State of the nation

Reputation management is as vital for political actors as it is for corporate players

The global financial crisis has created a number of challenges for international markets. It has also raised global political instability. Ever stricter measures to control budget and public expenditure provoked a global trend of increasing dissatisfaction, distrust and discontent with national governments. It is evident that economic recessions, corporate insolvencies, and the pervasiveness of new technologies are changing the relationship between consumers and businesses and are having a huge impact on consumers’ trust in markets.
As I indicated in a previous work conducted together with Dean Kruckeberg from the University of North Carolina USA, the complexity of today’s society and growing incredulity towards modern sciences has increased citizens’ insecurity towards traditional institutions such as friendship, nation-states, mass media, religion and so on. Generalised fears - a consequence of this lack of trust - are wide-spread. We noticed that in marketing communications, for example, more and more consumers lack commitment to universal or totalising ideas. They distrust planned and pre-packaged images and are more reluctant to take in corporate stories and, even less so, political messages. There is substantial distrust of political institutions, of corporations’ real intentions, and even of religion. These fears have been boosted by the financial crisis, particularly among those countries which have been affected the most by economic restrictions and austerity.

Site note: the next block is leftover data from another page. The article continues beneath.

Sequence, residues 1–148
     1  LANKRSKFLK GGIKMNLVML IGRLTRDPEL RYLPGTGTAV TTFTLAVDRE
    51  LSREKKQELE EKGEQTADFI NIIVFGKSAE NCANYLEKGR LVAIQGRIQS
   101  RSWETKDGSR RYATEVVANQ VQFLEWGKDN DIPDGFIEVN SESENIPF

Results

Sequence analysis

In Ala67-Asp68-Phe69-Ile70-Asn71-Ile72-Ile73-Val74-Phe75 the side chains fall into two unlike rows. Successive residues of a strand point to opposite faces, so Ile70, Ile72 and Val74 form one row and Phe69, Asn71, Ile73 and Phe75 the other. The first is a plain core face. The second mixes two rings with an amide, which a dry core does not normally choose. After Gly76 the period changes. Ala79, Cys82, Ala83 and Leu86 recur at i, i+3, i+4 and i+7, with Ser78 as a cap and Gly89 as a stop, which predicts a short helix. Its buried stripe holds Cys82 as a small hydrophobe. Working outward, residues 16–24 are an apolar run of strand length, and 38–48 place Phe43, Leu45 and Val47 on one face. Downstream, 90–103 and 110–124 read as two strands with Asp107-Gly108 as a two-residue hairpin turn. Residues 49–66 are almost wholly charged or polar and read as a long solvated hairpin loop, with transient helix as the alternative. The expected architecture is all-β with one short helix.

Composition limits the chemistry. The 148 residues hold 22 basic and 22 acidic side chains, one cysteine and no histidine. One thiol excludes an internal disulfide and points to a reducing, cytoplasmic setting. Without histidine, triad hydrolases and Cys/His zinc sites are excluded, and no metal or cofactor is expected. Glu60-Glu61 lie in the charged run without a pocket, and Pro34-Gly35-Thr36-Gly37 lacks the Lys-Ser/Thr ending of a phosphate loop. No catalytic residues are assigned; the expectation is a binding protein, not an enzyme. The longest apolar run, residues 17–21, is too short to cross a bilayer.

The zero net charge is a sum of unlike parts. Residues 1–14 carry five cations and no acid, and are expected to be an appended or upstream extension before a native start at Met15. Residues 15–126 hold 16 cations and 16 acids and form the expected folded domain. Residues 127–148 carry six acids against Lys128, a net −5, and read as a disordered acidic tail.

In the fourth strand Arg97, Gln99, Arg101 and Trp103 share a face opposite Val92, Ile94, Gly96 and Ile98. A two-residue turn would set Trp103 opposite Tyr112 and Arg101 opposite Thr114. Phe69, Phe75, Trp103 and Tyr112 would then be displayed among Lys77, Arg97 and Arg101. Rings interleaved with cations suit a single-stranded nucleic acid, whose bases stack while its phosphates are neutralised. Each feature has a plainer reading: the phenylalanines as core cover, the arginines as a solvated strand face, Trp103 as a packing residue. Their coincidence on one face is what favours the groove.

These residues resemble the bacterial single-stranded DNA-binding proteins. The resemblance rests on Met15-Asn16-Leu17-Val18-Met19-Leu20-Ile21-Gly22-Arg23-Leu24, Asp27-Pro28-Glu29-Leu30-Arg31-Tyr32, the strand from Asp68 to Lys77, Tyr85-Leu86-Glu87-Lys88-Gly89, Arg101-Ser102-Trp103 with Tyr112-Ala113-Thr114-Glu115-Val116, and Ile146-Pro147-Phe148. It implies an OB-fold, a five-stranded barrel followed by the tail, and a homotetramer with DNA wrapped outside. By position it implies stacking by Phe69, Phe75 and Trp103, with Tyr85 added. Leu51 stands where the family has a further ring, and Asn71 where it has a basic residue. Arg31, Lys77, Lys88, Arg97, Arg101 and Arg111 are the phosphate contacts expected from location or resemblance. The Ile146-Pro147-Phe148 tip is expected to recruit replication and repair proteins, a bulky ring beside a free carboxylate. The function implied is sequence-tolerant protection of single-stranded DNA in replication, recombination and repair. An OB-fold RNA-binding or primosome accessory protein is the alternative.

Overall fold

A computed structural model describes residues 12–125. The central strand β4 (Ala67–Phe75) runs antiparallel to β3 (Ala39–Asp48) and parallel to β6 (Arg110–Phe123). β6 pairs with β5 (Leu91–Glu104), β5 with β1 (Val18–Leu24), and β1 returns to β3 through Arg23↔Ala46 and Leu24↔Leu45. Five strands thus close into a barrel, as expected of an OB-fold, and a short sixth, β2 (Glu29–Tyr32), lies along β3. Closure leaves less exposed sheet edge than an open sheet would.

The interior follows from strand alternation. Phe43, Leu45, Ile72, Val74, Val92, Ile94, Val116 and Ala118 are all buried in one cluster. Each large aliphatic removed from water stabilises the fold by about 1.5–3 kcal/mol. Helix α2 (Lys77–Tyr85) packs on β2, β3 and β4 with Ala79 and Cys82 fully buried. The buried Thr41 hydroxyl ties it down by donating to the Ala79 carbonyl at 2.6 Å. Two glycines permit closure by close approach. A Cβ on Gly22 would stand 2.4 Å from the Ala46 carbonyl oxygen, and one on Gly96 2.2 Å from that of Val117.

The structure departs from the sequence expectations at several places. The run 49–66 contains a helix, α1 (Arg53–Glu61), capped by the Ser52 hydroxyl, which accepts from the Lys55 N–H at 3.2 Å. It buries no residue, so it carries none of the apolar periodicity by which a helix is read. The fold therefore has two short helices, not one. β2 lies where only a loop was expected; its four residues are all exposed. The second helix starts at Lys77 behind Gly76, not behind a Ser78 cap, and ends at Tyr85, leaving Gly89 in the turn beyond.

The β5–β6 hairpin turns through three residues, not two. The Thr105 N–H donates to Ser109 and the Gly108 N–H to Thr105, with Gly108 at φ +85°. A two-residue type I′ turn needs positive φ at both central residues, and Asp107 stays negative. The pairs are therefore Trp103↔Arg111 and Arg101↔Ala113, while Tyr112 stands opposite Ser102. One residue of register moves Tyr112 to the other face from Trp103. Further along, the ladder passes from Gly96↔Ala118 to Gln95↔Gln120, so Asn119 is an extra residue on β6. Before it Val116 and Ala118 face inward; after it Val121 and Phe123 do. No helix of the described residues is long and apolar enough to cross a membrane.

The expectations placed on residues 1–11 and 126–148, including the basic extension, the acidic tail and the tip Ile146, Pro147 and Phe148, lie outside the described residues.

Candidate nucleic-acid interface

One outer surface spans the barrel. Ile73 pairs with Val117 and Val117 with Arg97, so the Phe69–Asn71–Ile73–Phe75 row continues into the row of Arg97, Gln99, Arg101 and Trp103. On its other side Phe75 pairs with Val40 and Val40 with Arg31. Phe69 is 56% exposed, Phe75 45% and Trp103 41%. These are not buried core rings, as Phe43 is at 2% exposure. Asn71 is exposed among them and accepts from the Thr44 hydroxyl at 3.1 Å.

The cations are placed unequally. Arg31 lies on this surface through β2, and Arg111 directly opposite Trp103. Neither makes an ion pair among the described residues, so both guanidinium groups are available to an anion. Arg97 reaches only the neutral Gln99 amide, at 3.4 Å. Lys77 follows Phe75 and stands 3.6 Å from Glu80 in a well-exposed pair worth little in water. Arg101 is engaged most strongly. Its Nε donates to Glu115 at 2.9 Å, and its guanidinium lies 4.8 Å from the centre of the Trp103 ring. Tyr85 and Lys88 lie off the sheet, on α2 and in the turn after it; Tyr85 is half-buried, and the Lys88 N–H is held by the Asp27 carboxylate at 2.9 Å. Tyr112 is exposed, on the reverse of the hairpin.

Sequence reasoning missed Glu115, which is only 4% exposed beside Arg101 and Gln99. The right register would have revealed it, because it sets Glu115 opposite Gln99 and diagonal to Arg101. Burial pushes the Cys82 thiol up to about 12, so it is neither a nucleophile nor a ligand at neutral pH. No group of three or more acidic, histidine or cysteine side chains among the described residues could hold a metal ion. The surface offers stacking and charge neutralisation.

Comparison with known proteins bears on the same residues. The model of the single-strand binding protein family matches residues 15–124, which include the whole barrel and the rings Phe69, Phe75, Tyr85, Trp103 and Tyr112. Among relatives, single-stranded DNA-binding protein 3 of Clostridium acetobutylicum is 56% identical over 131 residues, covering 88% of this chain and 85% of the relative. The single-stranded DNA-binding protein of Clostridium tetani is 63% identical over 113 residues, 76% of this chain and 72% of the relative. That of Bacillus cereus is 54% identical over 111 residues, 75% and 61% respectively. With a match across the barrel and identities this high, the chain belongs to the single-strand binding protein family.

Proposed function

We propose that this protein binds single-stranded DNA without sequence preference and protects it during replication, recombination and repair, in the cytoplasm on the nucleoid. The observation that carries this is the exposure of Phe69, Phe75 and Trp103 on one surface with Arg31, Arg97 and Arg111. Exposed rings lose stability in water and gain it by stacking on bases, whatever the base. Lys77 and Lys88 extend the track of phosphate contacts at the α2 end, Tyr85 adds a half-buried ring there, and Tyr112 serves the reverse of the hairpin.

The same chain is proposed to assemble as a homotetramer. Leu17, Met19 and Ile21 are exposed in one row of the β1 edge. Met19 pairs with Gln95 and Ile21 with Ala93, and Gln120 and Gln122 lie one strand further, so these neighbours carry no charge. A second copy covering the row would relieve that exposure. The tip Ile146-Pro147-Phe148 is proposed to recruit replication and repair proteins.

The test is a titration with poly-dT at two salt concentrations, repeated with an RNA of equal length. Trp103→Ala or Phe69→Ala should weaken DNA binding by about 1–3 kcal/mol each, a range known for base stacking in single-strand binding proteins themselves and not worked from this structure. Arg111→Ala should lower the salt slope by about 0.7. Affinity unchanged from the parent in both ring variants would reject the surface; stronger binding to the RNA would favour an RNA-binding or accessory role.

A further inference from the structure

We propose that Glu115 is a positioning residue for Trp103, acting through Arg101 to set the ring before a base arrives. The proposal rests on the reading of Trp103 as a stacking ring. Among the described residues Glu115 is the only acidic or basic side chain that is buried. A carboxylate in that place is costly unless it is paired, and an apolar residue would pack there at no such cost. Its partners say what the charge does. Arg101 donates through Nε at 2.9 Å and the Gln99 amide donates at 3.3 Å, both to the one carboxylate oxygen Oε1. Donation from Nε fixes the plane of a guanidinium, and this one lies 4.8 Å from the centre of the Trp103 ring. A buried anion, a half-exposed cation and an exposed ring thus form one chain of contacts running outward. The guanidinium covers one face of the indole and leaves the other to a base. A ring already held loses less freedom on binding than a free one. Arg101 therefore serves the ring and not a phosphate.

Chiara Valentini

Chiara Valentini is professor of corporate communication at Jyvaskyla University School of Business and Economics. She has also worked for and consulted organisations and public institutions of several countries, including the Italian Representation of the European Commission in Rome and the European Movement International Secretariat in Brussels.